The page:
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Reviewed by:
  • Juvie by Steve Watkins
  • Karen Coats
Watkins, Steve. Juvie. Candlewick, 2013. 311p ISBN 978-0-7636-5509-9 $17.99 Ad Gr. 7-10

Sadie is always willing to help out her family with whatever they need. They need a lot, though—her father is a reclusive hoarder who refuses to get help, her sister, Carla, is a substance-abusing single mom, and her mother works multiple jobs to keep them in their home. When Carla wants to party one night, Sadie lies to their mother and goes with her, only to find herself busted for drug trafficking when two guys trick her sister into making a delivery to an undercover cop. Since it would be Carla’s third offense, Sadie takes the fall thinking that she won’t have to do time, but a strict judge sentences her to six months in juvenile detention. There she runs afoul of the usual thugs and crazies before she settles into a keep-your-head-down existence that enables her to survive her first three months, which is where the story ends. The book presents Sadie’s sacrifice as the noble, right thing to do, as it enables Carla to get her act together so she can be a better mom, and while Sadie has to lie consistently to keep the real story from surfacing, she maintains her wholesome good-girl personality through her ordeal. The suggestion that even a bad rap and a stint in juvie don’t have to change who you are is an interesting one, and the psychology of enabling is certainly credible. The notion that her sentence won’t damage Sadie’s chances for a future, including a college scholarship, doesn’t ring true, though, especially since she will have to maintain the lie that she was in fact guilty of selling drugs. The point that not guilty doesn’t mean innocent—she did, after all, make a series of bad decisions in going with her sister to the party—is subtly made, and readers may detect it through the overt story of Sadie as a strong and caring heroine making the best of a bad situation. [End Page 242]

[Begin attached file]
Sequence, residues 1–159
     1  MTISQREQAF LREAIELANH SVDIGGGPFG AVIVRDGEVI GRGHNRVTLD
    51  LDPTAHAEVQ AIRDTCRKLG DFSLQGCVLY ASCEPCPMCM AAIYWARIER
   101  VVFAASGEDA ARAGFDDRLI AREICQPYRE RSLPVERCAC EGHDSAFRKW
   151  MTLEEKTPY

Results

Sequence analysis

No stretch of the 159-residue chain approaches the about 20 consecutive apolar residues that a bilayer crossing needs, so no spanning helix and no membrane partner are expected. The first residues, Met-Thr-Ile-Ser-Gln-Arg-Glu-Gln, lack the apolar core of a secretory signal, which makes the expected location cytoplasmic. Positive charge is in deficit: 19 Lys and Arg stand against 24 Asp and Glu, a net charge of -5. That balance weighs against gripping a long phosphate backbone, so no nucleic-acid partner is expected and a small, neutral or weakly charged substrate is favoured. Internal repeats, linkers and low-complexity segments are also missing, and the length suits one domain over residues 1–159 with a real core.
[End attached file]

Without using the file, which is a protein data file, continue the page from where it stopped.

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Launched on MUSE
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